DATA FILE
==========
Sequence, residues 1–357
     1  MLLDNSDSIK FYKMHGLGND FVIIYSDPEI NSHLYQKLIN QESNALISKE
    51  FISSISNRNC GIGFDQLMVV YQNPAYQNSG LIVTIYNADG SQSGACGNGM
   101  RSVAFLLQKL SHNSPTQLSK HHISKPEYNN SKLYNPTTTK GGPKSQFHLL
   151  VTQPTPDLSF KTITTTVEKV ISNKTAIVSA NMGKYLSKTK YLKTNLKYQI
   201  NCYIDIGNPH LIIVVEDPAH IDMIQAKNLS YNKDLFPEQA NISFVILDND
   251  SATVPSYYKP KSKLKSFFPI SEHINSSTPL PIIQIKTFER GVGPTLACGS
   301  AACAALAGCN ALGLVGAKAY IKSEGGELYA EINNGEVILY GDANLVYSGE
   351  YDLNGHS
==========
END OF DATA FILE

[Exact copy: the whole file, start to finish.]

Sequence, residues 1–357
     1  MLLDNSDSIK FYKMHGLGND FVIIYSDPEI NSHLYQKLIN QESNALISKE
    51  FISSISNRNC GIGFDQLMVV YQNPAYQNSG LIVTIYNADG SQSGACGNGM
   101  RSVAFLLQKL SHNSPTQLSK HHISKPEYNN SKLYNPTTTK GGPKSQFHLL
   151  VTQPTPDLSF KTITTTVEKV ISNKTAIVSA NMGKYLSKTK YLKTNLKYQI
   201  NCYIDIGNPH LIIVVEDPAH IDMIQAKNLS YNKDLFPEQA NISFVILDND
   251  SATVPSYYKP KSKLKSFFPI SEHINSSTPL PIIQIKTFER GVGPTLACGS
   301  AACAALAGCN ALGLVGAKAY IKSEGGELYA EINNGEVILY GDANLVYSGE
   351  YDLNGHS